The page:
We KNOW how Captain Crozier's sailors feel about him.
But Crozier's email to naval command went public, and displeased Trump.
So Crozier is relieved of command and in the ensuing backlash, Trump's defense secretary uses a 'currently being investigated' excuse to not answer questions about the firing.
The locked barn door is to keep truth from interfering with Trump's current mood swing. Pathetic.
Transcript of Jake Tapper's questioning of Defense Secretary Mike Espy (Sunday) via CNN:
I want you to take a look at this video of Captain Crozier leaving the ship to cheers from his fellow sailors.
(BEGIN VIDEO CLIP)
UNIDENTIFIED NAVY SAILORS: Captain Crozier! Captain Crozier! Captain Crozier!
(END VIDEO CLIP)
TAPPER: So, Secretary Esper, can you explain to those sailors cheering, "Captain Crozier, Captain Crozier," why exactly he was relieved of his command?
ESPER: Well, Jake, first of all, first and foremost, we need to take care of the sailors on the ship. We need to ensure their well-being and get that ship back out to sea as soon as possible.
I'm pleased to report, right now, over half of the ship has been tested. Only 155 sailors have come up positive. Those are all mild and moderate. There have been no hospitalizations whatsoever.
So, the -- the crew is being taken care of out there.
With regard to the relief of Captain Crozier, I think acting Secretary Modly made a very tough decision, a decision that I support. It was based on his view that he had lost faith and confidence in the captain, based on his actions. It was supported by Navy leadership.
And I think it's -- it's just another example how we hold leaders accountable for their actions.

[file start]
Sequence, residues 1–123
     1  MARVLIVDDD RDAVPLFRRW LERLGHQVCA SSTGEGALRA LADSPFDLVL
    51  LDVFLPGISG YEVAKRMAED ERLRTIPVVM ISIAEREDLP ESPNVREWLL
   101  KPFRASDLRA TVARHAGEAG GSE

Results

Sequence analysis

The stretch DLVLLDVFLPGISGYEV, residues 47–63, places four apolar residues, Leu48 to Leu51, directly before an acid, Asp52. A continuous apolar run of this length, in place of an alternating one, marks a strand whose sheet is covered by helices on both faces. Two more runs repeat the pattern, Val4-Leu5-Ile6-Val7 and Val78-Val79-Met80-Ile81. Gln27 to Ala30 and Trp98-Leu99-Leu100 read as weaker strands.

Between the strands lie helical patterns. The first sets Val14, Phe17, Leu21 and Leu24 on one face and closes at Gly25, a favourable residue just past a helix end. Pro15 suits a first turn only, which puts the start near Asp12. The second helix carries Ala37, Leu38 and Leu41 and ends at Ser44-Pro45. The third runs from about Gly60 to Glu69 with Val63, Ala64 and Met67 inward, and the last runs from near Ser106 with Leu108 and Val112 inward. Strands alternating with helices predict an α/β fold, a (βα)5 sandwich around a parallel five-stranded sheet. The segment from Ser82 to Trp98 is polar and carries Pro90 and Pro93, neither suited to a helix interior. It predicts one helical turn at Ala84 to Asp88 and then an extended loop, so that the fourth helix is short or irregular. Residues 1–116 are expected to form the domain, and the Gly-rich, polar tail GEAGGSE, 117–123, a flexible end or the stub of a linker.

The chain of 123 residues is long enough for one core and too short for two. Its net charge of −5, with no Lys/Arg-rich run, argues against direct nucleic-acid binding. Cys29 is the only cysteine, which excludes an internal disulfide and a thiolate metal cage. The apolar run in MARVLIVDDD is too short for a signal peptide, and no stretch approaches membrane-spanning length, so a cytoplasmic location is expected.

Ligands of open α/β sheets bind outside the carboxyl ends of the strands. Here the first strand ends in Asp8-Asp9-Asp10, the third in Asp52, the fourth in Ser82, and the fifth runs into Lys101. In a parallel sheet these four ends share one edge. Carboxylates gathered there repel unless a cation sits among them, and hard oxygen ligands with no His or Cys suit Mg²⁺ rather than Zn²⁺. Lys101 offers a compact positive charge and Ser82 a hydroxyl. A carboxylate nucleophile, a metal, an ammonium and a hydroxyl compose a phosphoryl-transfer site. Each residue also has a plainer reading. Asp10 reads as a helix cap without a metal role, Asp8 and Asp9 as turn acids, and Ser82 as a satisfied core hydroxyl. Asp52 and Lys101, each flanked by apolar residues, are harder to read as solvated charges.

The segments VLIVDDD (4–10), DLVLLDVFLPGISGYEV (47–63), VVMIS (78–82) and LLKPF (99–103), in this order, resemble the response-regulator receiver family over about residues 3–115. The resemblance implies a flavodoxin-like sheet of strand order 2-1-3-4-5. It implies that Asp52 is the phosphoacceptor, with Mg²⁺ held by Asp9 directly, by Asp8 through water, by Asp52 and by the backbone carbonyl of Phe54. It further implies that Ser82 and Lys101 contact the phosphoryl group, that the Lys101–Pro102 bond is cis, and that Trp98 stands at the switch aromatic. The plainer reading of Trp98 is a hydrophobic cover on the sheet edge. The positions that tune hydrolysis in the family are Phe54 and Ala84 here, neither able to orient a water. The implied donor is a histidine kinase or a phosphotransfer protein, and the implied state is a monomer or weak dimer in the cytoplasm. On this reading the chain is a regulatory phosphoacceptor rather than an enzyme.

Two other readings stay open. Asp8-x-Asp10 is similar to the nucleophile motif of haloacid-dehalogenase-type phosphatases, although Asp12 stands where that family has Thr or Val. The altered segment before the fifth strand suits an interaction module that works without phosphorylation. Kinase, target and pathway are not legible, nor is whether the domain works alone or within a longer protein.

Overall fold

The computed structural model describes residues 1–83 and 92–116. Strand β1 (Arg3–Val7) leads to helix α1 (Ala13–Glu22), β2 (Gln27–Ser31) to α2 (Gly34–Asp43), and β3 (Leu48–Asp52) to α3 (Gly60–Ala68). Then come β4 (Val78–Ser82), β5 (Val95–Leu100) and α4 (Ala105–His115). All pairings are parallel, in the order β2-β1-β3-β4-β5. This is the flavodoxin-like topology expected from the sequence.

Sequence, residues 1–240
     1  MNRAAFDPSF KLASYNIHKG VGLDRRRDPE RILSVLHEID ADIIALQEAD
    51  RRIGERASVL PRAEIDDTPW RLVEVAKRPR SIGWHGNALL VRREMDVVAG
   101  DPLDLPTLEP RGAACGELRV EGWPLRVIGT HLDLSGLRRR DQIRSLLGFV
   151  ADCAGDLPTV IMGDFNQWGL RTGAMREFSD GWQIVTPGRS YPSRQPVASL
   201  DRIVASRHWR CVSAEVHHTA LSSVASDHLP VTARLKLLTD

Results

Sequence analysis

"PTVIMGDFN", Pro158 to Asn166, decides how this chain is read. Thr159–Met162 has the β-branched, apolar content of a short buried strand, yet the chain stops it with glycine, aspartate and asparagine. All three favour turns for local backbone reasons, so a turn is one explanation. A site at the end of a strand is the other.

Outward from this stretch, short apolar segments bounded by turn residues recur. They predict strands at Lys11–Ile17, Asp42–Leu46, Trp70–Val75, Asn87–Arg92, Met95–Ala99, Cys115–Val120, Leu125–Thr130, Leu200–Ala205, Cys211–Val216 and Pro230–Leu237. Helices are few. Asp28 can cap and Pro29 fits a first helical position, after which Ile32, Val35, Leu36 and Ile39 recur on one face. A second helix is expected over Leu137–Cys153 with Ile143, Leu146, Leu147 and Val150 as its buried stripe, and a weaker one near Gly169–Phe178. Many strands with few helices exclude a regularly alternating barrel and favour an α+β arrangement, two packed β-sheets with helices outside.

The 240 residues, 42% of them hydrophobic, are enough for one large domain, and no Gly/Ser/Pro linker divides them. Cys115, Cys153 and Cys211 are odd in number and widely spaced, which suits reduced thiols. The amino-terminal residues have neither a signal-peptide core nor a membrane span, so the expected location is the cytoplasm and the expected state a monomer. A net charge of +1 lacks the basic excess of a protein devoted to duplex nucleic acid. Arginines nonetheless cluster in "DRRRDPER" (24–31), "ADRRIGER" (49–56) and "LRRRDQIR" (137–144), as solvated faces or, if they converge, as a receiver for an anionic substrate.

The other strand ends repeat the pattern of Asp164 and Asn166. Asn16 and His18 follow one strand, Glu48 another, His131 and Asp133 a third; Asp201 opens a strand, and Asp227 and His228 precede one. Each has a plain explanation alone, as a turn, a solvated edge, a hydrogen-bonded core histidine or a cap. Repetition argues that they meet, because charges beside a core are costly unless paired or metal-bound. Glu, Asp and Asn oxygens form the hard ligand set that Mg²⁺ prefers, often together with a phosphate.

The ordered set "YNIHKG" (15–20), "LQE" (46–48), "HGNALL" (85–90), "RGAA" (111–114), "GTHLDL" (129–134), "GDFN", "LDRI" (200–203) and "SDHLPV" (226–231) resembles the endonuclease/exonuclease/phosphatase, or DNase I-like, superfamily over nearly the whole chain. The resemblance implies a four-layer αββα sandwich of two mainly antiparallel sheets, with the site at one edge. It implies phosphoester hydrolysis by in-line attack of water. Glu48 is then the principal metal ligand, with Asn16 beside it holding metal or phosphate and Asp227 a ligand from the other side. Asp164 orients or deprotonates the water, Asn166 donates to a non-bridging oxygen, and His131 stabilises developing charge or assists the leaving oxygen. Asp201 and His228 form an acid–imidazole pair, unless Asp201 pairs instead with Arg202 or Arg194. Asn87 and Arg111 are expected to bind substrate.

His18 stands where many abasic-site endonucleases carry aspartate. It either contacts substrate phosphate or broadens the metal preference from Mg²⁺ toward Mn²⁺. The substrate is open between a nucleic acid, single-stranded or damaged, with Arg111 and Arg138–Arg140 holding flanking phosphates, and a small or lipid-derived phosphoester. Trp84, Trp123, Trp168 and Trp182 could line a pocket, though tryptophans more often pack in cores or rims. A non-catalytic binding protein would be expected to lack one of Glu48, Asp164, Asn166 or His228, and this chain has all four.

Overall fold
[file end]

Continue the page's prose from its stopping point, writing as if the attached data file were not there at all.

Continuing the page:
TAPPER: Shouldn't there have been at least an investigation before he was relieved of command? I mean, the captains of the USS John McCain and the USS Fitzgerald, who were captains when sailors died at sea, they at least had investigations before they were relieved of their commands.
Captain Crozier was trying to save lives, and he wasn't even afforded the benefit of an investigation.
ESPER: Well, there is an investigation ongoing.
But, at this point in time, the -- Secretary Modly did not have faith and confidence that he could continue in his role as captain of the ship. That is not unheard of. The -- all the services at time relieve commanders without the benefit of an investigation up front because they have lost confidence in them.
It's certainly not unique to the Navy. The Navy has a culture of swiftly and decisively removing captains if they lose confidence in them.
TAPPER: You know there are a number of noted high-ranking formal -- former officials, like Admiral Mullen, who was former chair of the Joint Chiefs, Admirals Stavridis, who is former NATO supreme allied commander, both of whom have said they did not think it was appropriate for Crozier to have been relieved of duty so quickly, without an investigation, and that it would undermine morale.
On the other hand, of course, you had President Trump, who said that he thought it was not appropriate for Crozier to even write the letter. Take a listen.